An interview with Susan Gal and Judith T. Irvine

Cover for Signs of Difference bookSusan Gal (University of Chicago) and Judith T. Irvine (University of Michigan, Ann Arbor) discuss their new book Signs of Difference: Language and Ideology in Social Life.

Firstly, tell us what motivated you to write Signs of Difference?

Our interest in collaboration began some years ago when we discovered a curious parallel in our findings from the two very different places where we had done research: small towns in Senegal and Hungary. Our collaboration started with those unexpected parallels between our separate ethnographic projects. Reading each other’s papers and listening to each other at AAA meetings, we saw amazingly similar processes in two fieldsites that were utterly worlds apart.

The happy result has been a semiotic approach to difference, an approach that is much wider than our own ethnographies but is well illustrated by them. Our book is mainly devoted to developing and explaining that approach, but it begins by showing how it applies to the two ethnographic cases.

In the German-Hungarian town in Hungary as in the Wolof-speaking town in Senegal, people were making distinctions among themselves not only through the way they spoke but also through different forms of emotional expression, clothing, houses and numerous other signs and activities. Language, social organization, geography, history, were all quite different. But in both towns, as it happened, one social category of people spoke and acted in relatively reserved, restrained ways; the other category, by contrast, seemed to be more elaborate in everything, more vivid, dramatic. These were stereotypes of difference. People oriented to these social types, often enacting them in their everyday lives. But how to understand the weird parallels between the two towns? “Restrained” vs. “elaborate” were the ways the people in our two towns characterized their own differences. But when we read fieldwork by others, we saw that although there were always overarching cultural distinctions that organized relations between contrasting sets of people and signs, those distinctions could be quite different from ours. For instance, there was: tough vs. soft in one place but in another pragmatic vs. political. To understand our own examples and others, our explanations would have to be quite abstract. And semiotic.

The book explicates step-by-step a semiotic process of differentiation, with several aspects, that encompasses all the cases. Contrast – as axis of differentiation – is the fundamental idea. Contrasts in expressive signs pointed to contrasting categories of identity; and the qualities attributed to the signs were also attributed to the people-types indexed by the signs. For those familiar with a particular cultural context, the signs of each identity seemed to cohere and to display the same qualities as the people types they point to. We also turned our hand to American and historical examples: How did Yankees come to be thought different types of people than Southerners in 19th century US?  How do faculty differentiate among themselves at an American university? How did the National Rifle Association divide in the course of a crucial political battle? And how do the axes of differentiation themselves change? It was very exciting to work out how the semiotic process we propose illuminates relations between whatever culturally-specific qualities are involved.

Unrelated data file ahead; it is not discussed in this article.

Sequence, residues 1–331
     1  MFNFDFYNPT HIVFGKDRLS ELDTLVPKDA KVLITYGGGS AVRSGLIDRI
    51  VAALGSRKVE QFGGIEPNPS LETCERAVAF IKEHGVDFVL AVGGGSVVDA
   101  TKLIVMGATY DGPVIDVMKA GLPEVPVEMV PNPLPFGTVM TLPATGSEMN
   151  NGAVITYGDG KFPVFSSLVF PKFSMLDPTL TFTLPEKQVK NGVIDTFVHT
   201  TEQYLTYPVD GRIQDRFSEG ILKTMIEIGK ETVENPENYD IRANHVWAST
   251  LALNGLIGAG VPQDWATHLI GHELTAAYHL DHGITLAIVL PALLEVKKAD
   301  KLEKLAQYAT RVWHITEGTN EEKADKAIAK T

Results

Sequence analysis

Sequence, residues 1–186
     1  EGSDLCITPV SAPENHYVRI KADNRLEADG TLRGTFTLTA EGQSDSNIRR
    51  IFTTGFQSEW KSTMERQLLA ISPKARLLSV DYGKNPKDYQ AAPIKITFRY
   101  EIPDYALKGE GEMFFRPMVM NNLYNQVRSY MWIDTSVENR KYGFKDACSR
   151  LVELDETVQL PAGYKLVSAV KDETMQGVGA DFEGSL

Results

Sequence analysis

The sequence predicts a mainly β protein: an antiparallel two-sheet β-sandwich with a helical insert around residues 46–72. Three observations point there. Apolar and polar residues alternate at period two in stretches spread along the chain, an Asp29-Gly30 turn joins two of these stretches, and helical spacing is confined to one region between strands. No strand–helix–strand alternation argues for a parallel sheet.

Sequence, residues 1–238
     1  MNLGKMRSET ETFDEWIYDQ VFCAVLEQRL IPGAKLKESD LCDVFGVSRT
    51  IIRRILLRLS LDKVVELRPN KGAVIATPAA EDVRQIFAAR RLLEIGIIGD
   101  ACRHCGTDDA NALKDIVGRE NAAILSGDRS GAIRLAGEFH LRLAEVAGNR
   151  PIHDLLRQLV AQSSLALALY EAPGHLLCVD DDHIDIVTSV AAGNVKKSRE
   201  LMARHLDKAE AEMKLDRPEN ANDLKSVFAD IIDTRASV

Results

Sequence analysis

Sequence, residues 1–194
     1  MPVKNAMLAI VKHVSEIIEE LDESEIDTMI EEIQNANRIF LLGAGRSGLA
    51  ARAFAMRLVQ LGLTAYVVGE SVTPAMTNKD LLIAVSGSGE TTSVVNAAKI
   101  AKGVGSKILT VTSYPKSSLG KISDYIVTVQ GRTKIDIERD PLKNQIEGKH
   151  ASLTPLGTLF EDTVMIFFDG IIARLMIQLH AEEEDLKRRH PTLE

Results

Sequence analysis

You are both regarded as recognized authorities on language and culture. How has your past experience of work on language and culture helped to shape this book?

Although we studied at different doctoral institutions, we were both part of a movement in anthropology and linguistics toward sociolinguistics and the ethnography of speaking, in the late 1960’s and 1970’s. As it happens, too, our mentors had collaborated on some of the leading works in the field at that time. So our training was parallel, as was our experience of trends in language study and the social sciences in the decades that followed. One of those trends was the semiotic turn that has made the work of C.S. Peirce prominent in cultural and linguistic anthropology. Another trend was anthropology’s increasing interest in political economy, power, and social inequality – a trend which, when linked to the Peircean approach, resulted in a focus on ideology of language. A third trend has involved history and scales of analysis. We have participated in the development of these themes, and in various conferences and working groups that have pressed them forward and in some of which we have worked together. These groups have produced some influential publications, including edited collections to which we have contributed, either separately or together.